NOTE: Due to the ongoing coronavirus outbreak, the government has made several announcements relating to statutory sick pay. Those affected by COVID-19 and those who are self-isolating will receive statutory sick pay from day one. Employers with fewer than 250 employees will be refunded their eligible SSP costs (limited to 14 days per employee). Those not normally entitled to SSP (such as the self-employed) will receive Employment and Support Allowance.
Read the Acas coronavirus guidance and find further information and guidance for employers and businesses on the GOV.UK website.
There's no getting away from the fact that your employees will get sick from time to time. But staff illness can be tricky to manage if you're running a small business
The first step to managing sickness absence is to create a sickness policy. It must recognise the need for employees to take time off when they are unwell but strike a balance by discouraging both too much absenteeism and also presenteeism – when employees come to work even though they are ill.
A sickness policy will let employees know the process you expect them to follow when they're ill. It should be part of an employee handbook and given out as soon as someone starts work. Your policy can include information on:
- How you want an employee to tell you that they're ill (by phone, email or text, for example);
- Who they should contact;
- When they should notify you;
- When you'll need them to fill out a self-certification form;
- When you'll need them to provide you with a fit note;
- Your employees' rights to Statutory Sick Pay;
- Your company's sick pay scheme (if you have one).
The policy should make it clear that you can take disciplinary action if the employee doesn't follow these rules. Your sickness policy should outline the level of absence that will trigger formal action.
You can set out the absence management triggers based on your business needs. Usually, employees with lots of short absences should reach the trigger before employees with long-term absences. A "return to work" interview after every absence, no matter how short, will give a clear signal that you take absenteeism seriously.
While you have the freedom to set your own policy, there are some set rules regarding the notification of sickness absence which apply for the purposes of being entitled to Statutory Sick Pay (SSP). While an employee may have breached your own rules, you may not be able to withhold payment of SSP for that period.
The best way to be monitor sick leave is to ask the employee to speak to their line manager in person to report an absence. The manager will then be able to ask the employee why they are absent, if they have seen a doctor or booked an appointment and what their expected return to work date will be.
Is the sick leave genuine?
Most employees who take time off work are absent for genuine reasons. However, frequent bouts of short-term absence can ring alarm bells. The average employee has 5.5 days off sick per year so that can be a useful benchmark if you find one of your employees is taking a lot more time off. However, it's important to find out if there is an underlying condition connecting any absences. Specific attention needs to be paid if it is established that the employee has a disability.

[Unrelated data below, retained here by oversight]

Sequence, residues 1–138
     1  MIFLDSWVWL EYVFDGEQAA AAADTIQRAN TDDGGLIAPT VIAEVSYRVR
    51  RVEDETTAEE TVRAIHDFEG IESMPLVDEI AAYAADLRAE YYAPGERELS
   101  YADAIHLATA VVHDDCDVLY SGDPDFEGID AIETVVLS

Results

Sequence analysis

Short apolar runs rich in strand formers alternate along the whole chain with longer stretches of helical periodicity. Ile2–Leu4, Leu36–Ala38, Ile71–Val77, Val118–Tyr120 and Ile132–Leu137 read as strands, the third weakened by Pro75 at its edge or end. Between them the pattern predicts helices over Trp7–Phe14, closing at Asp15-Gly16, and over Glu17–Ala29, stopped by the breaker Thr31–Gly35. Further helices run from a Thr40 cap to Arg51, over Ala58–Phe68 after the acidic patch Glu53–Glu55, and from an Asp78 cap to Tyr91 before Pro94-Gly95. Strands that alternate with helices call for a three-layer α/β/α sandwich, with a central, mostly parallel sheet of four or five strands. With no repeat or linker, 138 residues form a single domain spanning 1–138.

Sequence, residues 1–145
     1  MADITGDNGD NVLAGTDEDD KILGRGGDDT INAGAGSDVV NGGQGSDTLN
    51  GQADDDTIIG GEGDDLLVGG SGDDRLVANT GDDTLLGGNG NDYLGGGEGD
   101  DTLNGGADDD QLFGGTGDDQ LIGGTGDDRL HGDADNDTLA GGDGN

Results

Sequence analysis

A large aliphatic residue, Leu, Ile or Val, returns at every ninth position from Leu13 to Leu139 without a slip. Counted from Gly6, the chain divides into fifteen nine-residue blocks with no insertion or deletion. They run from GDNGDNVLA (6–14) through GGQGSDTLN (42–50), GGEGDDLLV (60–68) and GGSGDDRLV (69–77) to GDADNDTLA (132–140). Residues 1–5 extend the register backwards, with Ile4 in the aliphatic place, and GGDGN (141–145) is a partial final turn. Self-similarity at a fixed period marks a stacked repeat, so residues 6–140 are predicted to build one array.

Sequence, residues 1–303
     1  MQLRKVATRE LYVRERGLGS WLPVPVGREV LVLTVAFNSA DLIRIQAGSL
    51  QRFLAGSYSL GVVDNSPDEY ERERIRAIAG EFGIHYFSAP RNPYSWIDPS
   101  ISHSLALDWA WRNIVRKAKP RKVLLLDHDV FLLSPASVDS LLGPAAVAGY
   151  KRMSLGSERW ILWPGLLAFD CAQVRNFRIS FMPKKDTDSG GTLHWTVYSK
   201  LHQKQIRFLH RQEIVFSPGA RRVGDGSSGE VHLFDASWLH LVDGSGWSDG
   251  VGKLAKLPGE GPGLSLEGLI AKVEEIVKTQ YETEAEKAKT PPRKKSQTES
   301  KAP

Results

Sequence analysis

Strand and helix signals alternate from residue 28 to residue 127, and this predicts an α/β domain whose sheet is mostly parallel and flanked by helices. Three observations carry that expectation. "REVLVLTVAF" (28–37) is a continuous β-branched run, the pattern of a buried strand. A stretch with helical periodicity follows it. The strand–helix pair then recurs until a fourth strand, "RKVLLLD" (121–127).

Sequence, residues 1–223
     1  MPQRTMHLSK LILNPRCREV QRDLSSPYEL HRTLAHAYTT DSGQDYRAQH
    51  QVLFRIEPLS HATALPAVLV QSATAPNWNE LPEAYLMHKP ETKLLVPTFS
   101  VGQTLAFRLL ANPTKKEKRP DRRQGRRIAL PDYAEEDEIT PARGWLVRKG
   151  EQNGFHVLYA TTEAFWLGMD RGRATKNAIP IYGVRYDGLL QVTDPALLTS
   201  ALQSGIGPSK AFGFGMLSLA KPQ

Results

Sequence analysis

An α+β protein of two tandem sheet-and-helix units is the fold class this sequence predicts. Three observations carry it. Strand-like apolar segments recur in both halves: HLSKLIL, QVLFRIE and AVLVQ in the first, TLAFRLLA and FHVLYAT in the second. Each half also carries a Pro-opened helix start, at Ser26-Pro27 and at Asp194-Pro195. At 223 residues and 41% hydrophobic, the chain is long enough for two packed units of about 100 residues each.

Keeping records of sickness absence will allow you to spot any patterns. However, if there is no link underpinning the absences, then a disciplinary procedure may be needed. Implementing a disciplinary procedure for sickness absence does not mean you consider the sickness to be fake. It simply means that your company cannot perform at its best because of the absence and therefore it must be addressed.
Dealing with long-term absence
Longer periods of absence are often experienced when an employee is suffering from a serious illness, including stress or depression. Where absence becomes long-term, it may be useful to refer the employee to an occupational health specialist.
If the reason for absence is classed as a disability, the Equality Act 2010 requires that employers look at reasonable adjustments that can be made to enable the employee to perform their role.
However, prevention is often the best way to minimise sickness absence. Employee Assistance Programmes are used by many firms to help staff manage life's ups and downs at home or in the workplace. These programmes offer telephone or face-to-face counselling and they can significantly reduce absenteeism and improve staff performance.
In some circumstances, however, it may be necessary to consider dismissal on medical capability grounds. You'll need reports from the employee's GP and from an occupational health professional to demonstrate that you have acted reasonably before taking steps towards termination of the employee's contract.
You should be able to give notice of termination on the grounds of capability if the medical evidence finds that:
- The employee will be incapable of work for the foreseeable future;
- No reasonable adjustments can be made;
- No suitable alternative work is available;
- And you have a genuine need to replace the employee on a permanent basis.
Preparing employees for a return to work
It can be daunting for an employee to return to work, especially if they've been off for a long time or their absence was due to workplace stress. To put them at ease, hold a "return to work" meeting and let them know what will happen once they come back. Discuss whether they need any support and give them an update on what has happened since they were last in work.
Employees absent from work for long periods of time may wonder what colleagues think about their absence and how it will impact working relationships. You will need to reassure the employee that reasons for their absence are confidential and will continue to be so. An understanding approach is essential in order to encourage the individual to return to work.
Browse topics: Employment law